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Until July 1, 1863, Lieutenant Marcellus Jones’ service in the 8th Illinois Volunteer Cavalry had been undistinguished. In the rising humidity of that early morning, lead elements of the Army of Northern Virginia and the Army of the Potomac were poised to clash just west of the Pennsylvania town of Gettysburg. Jones commanded a forward outpost of cavalry videttes that spotted the Confederate advance along the road leading to Cashtown and Chambersburg. He carefully rested a borrowed cavalry carbine on a fence rail beside 31-year-old blacksmith Ephraim Wisler’s home, took and held a breath and touched off a shot. It was about 7:30 a.m.

Jones meant to give warning to Confederate Maj. Gen. Henry Heth’s column and rapidly forming skirmish line. The mounted Southern officer on whom Jones drew a bead was still some 600 yards away. Little did Jones realize that his bullet would have far-reaching consequences, igniting a raging decades-long war of opinions among the veterans of Brig. Gen. John Buford’s cavalry division over who fired that ‘first shot.’

This first shot controversy is not unique — many arguments of both major and minor consequence arose from the Gettysburg battle, and dozens have spilled over from spats among veterans to quarrels among modern-day historians. What makes this controversy one of the more interesting, however, is that the dispute over whose trigger ignited the pivotal battle ultimately became a fight over the placement of and wording on the cavalry regiments’ battlefield monuments.

Marcellus Ephraim Jones was born in Rutland County, Vt., in 1830, the grandson of a Revolutionary War officer. At age 17, Jones struck out on his own and sold jewelry out of a horse-drawn buggy. After a year of little success, he traveled to New York and then Ohio, working as a carpenter. In 1854 he relocated to Wisconsin, got married and established a sash and door factory. The path of his life seemed to be set until his business was destroyed by fire and he lost all his savings. Penniless and with a pregnant wife, Jones’ situation was bleak. It took an even grimmer turn when his wife died of complications during childbirth, and the newborn died within a few days.

Distraught and yearning for a fresh start, Jones moved to Danby, Ill., where he had earlier worked for a short time. Through his hard work and ingenuity, he soon became a prominent builder. But when Illinois called for troops as the Civil War began, Jones was among the first to respond. On August 5, 1861, he enlisted in and helped recruit Company E of the 8th Illinois Cavalry. Jones admired the regiment’s second-in-command, Lt. Col. William Gamble, who was also a skilled builder and had likewise left behind a lucrative business to enlist. Additionally, both Gamble and Jones were staunch abolitionists, fitting members of the 8th Illinois, which was nicknamed the ‘Big Abolition Regiment.’ Due to his prewar dragoon experience as a drill sergeant, Gamble primarily trained the regiment, and the greenhorn Jones learned much from Gamble’s stiff discipline.

Although Jones had no prior military experience, he was popular with his comrades. When they volunteered him for an officer’s commission, he modestly declined. Having enlisted as a private, Jones promised to consider the offer after he gained some command skills. Gamble’s instruction stuck, and true to his word, Jones accepted a commission as a second lieutenant in December 1862.

In the spring of 1863, the 8th was placed in Buford’s newly formed 1st Cavalry Division. As Buford’s troopers marched north toward both armies’ date with destiny in Pennsylvania, Jones was as happy to be out of the Old Dominion as any of his comrades. Later he would recall that ‘for twenty long, weary months?we had been marching and counter-marching, camping and fighting on the slave-accursed and God-forsaken soils of old Virginia?.’ June 29, the day he reached the Mason-Dixon line, Jones recalled, ‘was one of the most delightful of my army life.’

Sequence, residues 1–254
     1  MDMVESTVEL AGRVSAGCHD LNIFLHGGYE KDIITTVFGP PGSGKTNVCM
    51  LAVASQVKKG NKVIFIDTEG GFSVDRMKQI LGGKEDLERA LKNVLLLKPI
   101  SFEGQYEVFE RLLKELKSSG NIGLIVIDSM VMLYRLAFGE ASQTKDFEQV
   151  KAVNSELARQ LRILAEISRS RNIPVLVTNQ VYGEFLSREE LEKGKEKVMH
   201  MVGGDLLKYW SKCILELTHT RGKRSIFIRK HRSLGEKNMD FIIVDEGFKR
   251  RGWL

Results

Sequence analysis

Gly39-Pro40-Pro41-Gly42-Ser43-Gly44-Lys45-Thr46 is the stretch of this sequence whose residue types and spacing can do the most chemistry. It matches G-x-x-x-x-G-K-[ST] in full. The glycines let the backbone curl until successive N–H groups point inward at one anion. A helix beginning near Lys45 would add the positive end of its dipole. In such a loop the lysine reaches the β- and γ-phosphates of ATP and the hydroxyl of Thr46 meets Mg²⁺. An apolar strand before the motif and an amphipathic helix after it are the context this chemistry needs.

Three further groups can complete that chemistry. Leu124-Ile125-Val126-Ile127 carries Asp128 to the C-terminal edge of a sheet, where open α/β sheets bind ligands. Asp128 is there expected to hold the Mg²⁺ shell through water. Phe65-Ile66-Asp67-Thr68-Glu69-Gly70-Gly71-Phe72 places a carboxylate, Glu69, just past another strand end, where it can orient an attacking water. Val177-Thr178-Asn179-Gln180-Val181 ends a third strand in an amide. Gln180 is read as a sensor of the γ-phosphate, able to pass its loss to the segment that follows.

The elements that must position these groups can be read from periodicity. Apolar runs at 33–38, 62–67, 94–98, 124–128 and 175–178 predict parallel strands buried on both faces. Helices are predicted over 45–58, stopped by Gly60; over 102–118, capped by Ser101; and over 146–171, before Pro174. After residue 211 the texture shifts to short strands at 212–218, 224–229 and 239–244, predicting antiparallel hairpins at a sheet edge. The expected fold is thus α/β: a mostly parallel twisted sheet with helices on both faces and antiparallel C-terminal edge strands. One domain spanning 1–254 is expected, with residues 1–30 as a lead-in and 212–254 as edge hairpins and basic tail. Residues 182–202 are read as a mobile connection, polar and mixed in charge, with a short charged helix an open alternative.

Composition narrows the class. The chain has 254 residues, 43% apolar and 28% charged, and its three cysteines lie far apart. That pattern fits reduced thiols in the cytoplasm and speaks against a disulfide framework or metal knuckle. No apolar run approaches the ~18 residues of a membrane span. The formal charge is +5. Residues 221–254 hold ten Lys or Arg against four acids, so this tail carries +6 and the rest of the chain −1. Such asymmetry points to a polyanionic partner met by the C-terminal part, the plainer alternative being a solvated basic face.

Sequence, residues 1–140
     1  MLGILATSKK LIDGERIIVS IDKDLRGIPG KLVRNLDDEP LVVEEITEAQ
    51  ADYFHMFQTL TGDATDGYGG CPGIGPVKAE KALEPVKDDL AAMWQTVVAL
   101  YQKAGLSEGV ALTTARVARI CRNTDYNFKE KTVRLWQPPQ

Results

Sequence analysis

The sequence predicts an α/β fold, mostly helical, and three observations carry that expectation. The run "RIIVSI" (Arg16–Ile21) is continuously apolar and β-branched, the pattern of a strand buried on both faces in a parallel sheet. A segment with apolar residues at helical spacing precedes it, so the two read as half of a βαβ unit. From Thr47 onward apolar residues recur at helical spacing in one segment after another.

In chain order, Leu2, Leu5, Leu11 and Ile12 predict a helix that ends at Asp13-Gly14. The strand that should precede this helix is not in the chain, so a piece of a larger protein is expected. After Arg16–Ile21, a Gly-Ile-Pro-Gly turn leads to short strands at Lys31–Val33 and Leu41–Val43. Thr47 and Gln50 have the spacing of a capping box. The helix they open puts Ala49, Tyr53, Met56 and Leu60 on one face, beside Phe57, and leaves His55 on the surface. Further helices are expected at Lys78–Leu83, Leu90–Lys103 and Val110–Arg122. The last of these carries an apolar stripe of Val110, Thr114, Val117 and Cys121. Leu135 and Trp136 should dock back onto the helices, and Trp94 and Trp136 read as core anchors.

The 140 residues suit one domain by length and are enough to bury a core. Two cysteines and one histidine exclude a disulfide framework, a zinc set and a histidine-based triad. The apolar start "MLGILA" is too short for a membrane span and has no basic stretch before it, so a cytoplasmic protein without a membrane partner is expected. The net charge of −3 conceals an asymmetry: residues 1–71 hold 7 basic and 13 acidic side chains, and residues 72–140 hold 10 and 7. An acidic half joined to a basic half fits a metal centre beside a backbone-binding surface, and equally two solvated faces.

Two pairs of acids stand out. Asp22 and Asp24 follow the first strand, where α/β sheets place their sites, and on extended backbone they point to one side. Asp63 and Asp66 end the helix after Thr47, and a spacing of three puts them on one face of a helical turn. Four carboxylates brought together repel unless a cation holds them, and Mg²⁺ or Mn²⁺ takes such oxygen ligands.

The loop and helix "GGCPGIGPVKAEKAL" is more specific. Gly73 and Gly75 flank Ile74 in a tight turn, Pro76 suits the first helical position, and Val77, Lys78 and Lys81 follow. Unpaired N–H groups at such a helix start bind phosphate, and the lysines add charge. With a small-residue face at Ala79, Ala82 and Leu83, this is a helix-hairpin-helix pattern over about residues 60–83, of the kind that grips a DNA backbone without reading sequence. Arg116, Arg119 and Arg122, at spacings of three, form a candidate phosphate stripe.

The cavalrymen camped that night at Fountaindale in the pass above Fairfield, Pa. General Buford is recorded as making a dire prediction there as he peered eastward toward the rolling hills in the direction of Gettysburg, where he was ordered to march to scout the enemy: ‘Within forty-eight hours a great battle will take place on a field within view.’ In his wildest dreams, Lieutenant Jones couldn’t have imagined the hand that fate was about to deal him in that envisioned battle.

Rising long before dawn in a thick fog on the morning of June 30, the troopers countermarched south after an unexpected skirmish with Confederates camped at Fairfield. Turning north again from Emmitsburg, Md., Buford marched his weary horsemen to Gettysburg. The rotation of the day put the 8th at the head of the column. A squadron spotted the advance guard of Brig. Gen. Johnston Pettigrew’s Confederate infantry brigade to the west on the Cashtown Pike. The rest of the cavalry brigade, now commanded by Colonel Gamble and consisting of the 8th and 12th Illinois, 8th New York and 3rd Indiana regiments, followed and set up position on the road just west of town.

‘We advanced one mile to the old [Herr’s] tavern on the ridge west of Willoughby Run, where we made our headquarters,’ Jones later recalled. A forward picket outpost was sent farther west along the pike to Knoxlyn Ridge to keep an eye on the Rebels. ‘It fell to my lot to have charge of the picket and with 35 men went forward one mile further,’ Jones stated. The videttes settled along Knoxlyn Ridge for the night. Jones wrote that’spreading their blankets with their saddles for pillows, they lay down to rest.’

Buford’s elaborate network of videttes covered all roads leading to Gettysburg from the west, north and east, serving as an early warning system of any approach by the Rebels. After visiting the picket line at dawn the next morning, a hungry Jones rode back to his reserve near the tavern to the east for some breakfast. No sooner had he arrived, Jones later remembered, than Private George Heim came galloping from the picket post at ‘full speed, who said that Sergeant [Levi] Shafer wanted me at once. Springing into my saddle?I was soon there and could see a cloud of dust rising above the trees some distance up the mountain.’ It was Heth’s Confederate division leading the march of A.P. Hill’s Third Corps toward Gettysburg from Cashtown.